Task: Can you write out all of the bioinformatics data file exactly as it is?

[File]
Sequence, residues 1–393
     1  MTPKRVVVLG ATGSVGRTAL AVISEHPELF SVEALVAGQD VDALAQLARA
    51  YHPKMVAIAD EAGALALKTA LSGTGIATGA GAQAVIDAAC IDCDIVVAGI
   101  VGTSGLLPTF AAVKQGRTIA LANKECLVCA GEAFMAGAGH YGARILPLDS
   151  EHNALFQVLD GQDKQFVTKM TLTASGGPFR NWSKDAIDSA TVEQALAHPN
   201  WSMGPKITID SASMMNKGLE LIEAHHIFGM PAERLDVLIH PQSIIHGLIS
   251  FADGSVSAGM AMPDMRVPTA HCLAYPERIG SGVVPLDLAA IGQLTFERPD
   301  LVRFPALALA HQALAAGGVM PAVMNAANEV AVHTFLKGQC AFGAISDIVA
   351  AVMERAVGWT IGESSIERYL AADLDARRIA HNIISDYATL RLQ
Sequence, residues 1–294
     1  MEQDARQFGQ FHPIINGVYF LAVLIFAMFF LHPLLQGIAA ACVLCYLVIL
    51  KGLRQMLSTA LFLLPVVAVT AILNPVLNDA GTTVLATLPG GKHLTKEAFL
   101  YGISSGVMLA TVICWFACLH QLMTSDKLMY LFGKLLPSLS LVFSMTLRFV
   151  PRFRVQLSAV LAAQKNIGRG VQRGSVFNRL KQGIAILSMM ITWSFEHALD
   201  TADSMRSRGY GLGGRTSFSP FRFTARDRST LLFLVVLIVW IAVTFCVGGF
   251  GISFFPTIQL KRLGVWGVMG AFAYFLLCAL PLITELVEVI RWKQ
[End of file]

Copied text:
Sequence, residues 1–393
     1  MTPKRVVVLG ATGSVGRTAL AVISEHPELF SVEALVAGQD VDALAQLARA
    51  YHPKMVAIAD EAGALALKTA LSGTGIATGA GAQAVIDAAC IDCDIVVAGI
   101  VGTSGLLPTF AAVKQGRTIA LANKECLVCA GEAFMAGAGH YGARILPLDS
   151  EHNALFQVLD GQDKQFVTKM TLTASGGPFR NWSKDAIDSA TVEQALAHPN
   201  WSMGPKITID SASMMNKGLE LIEAHHIFGM PAERLDVLIH PQSIIHGLIS
   251  FADGSVSAGM AMPDMRVPTA HCLAYPERIG SGVVPLDLAA IGQLTFERPD
   301  LVRFPALALA HQALAAGGVM PAVMNAANEV AVHTFLKGQC AFGAISDIVA
   351  AVMERAVGWT IGESSIERYL AADLDARRIA HNIISDYATL RLQ
Sequence, residues 1–294
     1  MEQDARQFGQ FHPIINGVYF LAVLIFAMFF LHPLLQGIAA ACVLCYLVIL
    51  KGLRQMLSTA LFLLPVVAVT AILNPVLNDA GTTVLATLPG GKHLTKEAFL
   101  YGISSGVMLA TVICWFACLH QLMTSDKLMY LFGKLLPSLS LVFSMTLRFV
   151  PRFRVQLSAV LAAQKNIGRG VQRGSVFNRL KQGIAILSMM ITWSFEHALD
   201  TADSMRSRGY GLGGRTSFSP FRFTARDRST LLFLVVLIVW IAVTFCVGGF
   251  GISFFPTIQL KRLGVWGVMG AFAYFLLCAL PLITELVEVI RWKQ